Over the recent weeks, we have discussed the concept of paternity in Pennsylvania courts. However, we have yet to answer the question. How does one obtain a court ordered paternity test in as Western Pennsylvania court? As you may be aware, there are over the counter drug store paternity tests that can prove with reasonable certainty whether someone is or is not the father of a child. However, these paternity tests much like other out of court resources do not usually stand up in court. Often the court will discredit these tests as hearsay or question their validity as a result of problems with the chain of custody. Sometimes parties will agree to obtain a paternity test through a respected lab and stipulate that the results are correct.
Last week we addressed the issue of the presumption of paternity in married couples in Pennsylvania. This week, we will address the "myth" of paternity by estoppel in Pennsylvania child custody and support cases. Many people believe that paternity is based on the genetic code, and, in most cases, it is. However, Pennsylvania courts have developed the concept of paternity by estoppel in cases where it would be more detrimental for the child to learn their father was not their father than it would be to have someone who is not the biological father have standing to seek custody or to pay support.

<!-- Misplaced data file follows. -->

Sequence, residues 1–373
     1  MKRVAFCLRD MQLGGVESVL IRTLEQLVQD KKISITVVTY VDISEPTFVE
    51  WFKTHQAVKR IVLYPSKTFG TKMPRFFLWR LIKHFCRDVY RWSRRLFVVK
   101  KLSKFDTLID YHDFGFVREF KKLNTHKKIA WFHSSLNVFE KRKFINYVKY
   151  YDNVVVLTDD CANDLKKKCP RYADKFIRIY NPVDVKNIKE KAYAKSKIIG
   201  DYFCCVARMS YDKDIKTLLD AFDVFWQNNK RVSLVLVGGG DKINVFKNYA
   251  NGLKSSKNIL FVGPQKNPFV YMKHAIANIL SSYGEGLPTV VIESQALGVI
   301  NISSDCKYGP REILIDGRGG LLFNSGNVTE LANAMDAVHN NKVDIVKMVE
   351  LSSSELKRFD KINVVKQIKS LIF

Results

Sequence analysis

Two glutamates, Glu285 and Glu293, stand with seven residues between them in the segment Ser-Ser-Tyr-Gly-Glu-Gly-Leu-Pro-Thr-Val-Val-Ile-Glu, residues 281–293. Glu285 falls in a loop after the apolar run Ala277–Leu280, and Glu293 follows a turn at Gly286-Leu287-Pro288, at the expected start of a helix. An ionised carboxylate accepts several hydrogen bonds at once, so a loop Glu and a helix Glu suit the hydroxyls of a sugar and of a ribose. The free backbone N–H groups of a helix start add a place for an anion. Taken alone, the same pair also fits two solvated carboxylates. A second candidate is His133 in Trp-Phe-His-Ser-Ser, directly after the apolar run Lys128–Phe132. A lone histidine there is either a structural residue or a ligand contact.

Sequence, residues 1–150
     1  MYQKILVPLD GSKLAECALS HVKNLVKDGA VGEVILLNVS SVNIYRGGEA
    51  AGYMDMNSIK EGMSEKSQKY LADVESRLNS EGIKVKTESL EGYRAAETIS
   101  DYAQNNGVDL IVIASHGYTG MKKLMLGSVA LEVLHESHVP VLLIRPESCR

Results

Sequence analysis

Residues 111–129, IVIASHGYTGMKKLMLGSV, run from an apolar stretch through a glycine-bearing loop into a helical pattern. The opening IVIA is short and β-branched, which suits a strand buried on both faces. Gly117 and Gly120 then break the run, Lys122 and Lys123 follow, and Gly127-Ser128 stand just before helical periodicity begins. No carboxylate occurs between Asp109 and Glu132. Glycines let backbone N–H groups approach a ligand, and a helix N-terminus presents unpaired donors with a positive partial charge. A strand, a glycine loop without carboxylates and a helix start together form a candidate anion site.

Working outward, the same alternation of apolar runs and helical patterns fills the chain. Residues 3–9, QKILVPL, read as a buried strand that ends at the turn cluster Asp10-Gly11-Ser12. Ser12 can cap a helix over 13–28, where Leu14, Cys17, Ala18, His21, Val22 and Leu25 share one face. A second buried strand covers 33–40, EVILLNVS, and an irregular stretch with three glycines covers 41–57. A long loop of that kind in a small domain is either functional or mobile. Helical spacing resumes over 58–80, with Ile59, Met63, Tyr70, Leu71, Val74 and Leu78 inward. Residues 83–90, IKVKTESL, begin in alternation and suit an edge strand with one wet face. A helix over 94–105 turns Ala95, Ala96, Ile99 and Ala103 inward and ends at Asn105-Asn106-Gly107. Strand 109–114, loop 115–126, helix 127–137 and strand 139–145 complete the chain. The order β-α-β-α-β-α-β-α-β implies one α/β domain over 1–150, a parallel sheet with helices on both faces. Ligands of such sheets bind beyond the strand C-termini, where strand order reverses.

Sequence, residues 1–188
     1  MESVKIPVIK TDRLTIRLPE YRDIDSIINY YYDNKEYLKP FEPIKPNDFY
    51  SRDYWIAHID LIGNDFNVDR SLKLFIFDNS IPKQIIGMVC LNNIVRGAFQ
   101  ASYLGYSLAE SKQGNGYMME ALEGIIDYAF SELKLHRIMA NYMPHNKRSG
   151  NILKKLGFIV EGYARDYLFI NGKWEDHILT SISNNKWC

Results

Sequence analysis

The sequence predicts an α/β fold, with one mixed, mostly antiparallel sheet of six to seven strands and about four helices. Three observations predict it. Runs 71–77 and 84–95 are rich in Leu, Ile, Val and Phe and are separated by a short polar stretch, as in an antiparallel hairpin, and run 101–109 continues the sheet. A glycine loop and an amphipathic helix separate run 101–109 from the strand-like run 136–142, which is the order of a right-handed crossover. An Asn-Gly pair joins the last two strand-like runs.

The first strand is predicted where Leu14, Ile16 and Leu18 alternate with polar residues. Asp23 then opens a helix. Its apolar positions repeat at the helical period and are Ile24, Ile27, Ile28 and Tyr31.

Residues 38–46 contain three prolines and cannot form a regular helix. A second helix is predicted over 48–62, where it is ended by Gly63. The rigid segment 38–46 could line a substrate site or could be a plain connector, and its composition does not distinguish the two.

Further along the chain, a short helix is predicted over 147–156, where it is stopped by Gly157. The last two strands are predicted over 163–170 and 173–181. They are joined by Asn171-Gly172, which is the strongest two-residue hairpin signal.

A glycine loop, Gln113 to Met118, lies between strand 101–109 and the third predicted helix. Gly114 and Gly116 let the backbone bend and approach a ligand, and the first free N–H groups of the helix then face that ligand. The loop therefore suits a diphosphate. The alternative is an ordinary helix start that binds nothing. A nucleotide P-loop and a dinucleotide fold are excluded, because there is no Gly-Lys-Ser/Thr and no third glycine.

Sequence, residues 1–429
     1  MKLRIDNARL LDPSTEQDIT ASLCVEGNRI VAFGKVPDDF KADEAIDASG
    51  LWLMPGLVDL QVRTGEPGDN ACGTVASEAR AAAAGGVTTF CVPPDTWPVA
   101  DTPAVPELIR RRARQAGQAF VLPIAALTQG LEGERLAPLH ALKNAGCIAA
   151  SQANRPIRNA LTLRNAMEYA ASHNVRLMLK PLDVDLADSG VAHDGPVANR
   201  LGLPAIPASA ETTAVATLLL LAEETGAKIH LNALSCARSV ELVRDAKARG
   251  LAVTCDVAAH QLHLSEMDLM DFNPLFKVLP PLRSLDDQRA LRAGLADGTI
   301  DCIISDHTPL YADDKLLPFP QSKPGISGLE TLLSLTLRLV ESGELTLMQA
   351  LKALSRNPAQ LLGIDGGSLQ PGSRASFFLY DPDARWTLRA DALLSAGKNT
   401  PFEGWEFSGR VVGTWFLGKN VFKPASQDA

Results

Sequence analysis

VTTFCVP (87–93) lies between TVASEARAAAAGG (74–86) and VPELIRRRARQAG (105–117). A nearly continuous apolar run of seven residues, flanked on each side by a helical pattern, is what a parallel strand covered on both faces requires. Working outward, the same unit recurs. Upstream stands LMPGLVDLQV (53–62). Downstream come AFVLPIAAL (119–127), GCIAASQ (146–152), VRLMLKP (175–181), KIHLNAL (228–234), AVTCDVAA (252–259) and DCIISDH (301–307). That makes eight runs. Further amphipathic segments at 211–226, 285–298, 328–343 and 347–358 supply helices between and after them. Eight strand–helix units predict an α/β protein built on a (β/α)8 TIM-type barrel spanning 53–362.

The Superior Court of Pennsylvania ruled last month that Civil Unions should be treated like divorces in Pennsylvania. The court decided this after reviewing a Philadelphia court's decision in Neyman v. Buckley. In this case, the appellant appealed the decision of the court to dismiss her complaint for divorce seeking dissolution of her Vermont civil union. The Superior court held that "the Vermont civil union creates the functional equivalent of marriage for the purposes of dissolution and that Neyman had the right to proceed with her divorce in Pennsylvania.
One of the common issues in Pennsylvania custody litigation relates to paternity. That is who is the father and who has rights to seek custody. Many first time litigants assume that this determination is made through a DNA test that proves that the child is or is not the biological child of one individual or the other. However, that is not always the case in Pennsylvania. We will be presenting a series of blogs about paternity issues in Pennsylvania. The first question we tackle is whether it is possible to gain custody rights of a child that is the produce of an affair.